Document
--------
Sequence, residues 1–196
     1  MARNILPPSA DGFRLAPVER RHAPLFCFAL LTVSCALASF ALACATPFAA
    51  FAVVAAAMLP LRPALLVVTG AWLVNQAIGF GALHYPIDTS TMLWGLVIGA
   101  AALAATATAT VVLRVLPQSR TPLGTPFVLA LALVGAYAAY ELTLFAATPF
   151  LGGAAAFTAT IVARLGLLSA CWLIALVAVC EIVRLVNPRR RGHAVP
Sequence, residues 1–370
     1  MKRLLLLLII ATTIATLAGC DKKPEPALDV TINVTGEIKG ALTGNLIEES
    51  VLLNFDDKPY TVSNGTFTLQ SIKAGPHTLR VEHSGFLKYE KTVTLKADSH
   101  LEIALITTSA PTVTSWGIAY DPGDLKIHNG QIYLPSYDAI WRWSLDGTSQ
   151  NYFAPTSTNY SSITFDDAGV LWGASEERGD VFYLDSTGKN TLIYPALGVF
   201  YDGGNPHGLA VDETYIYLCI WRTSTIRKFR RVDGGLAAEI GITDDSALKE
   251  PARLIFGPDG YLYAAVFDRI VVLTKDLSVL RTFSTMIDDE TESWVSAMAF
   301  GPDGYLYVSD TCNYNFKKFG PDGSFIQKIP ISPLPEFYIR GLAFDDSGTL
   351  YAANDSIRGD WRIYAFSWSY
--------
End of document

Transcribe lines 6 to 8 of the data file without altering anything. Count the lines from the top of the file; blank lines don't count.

Sequence, residues 1–370
     1  MKRLLLLLII ATTIATLAGC DKKPEPALDV TINVTGEIKG ALTGNLIEES
    51  VLLNFDDKPY TVSNGTFTLQ SIKAGPHTLR VEHSGFLKYE KTVTLKADSH